In what could be a pre-emptive strike at the possibility his name won’t appear among the final 30 names to be unveiled in NFL Network’s 10-week space-filling extravaganza (have you heard about our Mt. Rushmore series?), Cowboys quarterback Tony Romo has questioned the overall validity of a Top 100 list premised on a supposed player vote.
Romo has raised two arguments regarding the process in comments to Shan Shariff of 105.3 The Fan in Dallas. First, Romo questioned the extent to which it truly is a vote of the NFL’s player.
“Until I see one person who is a Dallas Cowboy who votes on that stuff, you know at some point I figure they would ask me, Jason Witten or Demarcus Ware to vote,” Romo said. “I think then maybe it’s a vote by the players. . . . I don’t think it matters too much.”
Romo then addressed the substantive value of having players vote, when players are exposed only to a limited slice of the NFL. Indeed, each NFL team plays only 12 other NFL teams during the regular season.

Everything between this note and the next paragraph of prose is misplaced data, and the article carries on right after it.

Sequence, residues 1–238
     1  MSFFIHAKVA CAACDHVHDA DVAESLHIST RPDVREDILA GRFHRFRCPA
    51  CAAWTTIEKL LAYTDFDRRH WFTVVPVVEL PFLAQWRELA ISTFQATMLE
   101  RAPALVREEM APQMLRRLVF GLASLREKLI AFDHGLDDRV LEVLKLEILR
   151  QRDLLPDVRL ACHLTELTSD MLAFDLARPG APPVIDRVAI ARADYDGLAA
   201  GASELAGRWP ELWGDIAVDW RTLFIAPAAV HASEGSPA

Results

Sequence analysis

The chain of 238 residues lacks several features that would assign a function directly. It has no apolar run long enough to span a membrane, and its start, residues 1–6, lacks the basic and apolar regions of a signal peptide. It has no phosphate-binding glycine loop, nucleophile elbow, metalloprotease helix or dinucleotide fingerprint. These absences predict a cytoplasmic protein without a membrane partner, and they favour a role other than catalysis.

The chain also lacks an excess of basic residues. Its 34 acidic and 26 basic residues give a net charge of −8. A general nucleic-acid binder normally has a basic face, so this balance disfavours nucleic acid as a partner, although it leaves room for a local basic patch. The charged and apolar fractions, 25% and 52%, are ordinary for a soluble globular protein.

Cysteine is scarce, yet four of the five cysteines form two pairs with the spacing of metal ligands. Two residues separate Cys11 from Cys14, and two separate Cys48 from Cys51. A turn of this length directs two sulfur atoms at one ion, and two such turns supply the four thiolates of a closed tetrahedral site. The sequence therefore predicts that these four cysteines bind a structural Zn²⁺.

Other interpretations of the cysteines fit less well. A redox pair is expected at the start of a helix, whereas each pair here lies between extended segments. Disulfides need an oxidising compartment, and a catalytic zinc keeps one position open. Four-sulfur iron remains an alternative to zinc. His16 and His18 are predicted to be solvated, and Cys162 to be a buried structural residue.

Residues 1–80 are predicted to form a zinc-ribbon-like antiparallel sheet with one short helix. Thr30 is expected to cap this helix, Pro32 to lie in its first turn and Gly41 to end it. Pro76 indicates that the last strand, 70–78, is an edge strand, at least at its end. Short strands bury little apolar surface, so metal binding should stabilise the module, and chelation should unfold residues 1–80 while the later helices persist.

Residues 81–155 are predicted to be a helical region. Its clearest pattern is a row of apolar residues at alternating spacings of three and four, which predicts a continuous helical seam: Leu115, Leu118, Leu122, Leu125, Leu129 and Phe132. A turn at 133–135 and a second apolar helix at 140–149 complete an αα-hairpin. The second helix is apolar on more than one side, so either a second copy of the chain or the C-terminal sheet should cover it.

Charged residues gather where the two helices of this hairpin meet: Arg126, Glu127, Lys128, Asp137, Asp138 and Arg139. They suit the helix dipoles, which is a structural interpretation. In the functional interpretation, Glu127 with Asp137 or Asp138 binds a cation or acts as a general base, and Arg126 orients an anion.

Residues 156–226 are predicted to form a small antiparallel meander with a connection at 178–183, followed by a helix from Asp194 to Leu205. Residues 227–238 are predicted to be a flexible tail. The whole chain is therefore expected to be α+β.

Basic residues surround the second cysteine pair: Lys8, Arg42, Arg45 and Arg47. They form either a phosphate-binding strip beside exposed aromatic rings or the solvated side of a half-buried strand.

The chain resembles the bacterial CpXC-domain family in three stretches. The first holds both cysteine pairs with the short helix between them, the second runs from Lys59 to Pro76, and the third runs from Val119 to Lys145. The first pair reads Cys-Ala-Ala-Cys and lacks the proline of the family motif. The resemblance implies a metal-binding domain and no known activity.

“I would have a hard time telling you who was great in the AFC last year,” Romo said. “You just go by what’s written about and talked about.”
It’s not the first time a player has scrutinized the overall value of the players-only voting. Eagles defensive end Connor Barwin has suggested that no players vote on the list at all, a contention the NFL has refuted.
Still, the league admits that only 28.3 percent of the players voted — and even then they simply listed their own personal top 20. Under Romo’s reasoning, even if 100 percent of the players listed the top 100 players, the system would be flawed by each player’s limited exposure to the league at large.